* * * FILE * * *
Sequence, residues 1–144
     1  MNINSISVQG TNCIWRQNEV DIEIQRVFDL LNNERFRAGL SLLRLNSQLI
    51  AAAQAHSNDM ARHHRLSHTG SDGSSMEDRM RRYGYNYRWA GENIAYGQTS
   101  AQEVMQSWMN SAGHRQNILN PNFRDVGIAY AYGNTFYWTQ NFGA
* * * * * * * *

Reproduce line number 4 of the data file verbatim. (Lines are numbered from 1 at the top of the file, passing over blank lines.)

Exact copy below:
   101  AQEVMQSWMN SAGHRQNILN PNFRDVGIAY AYGNTFYWTQ NFGA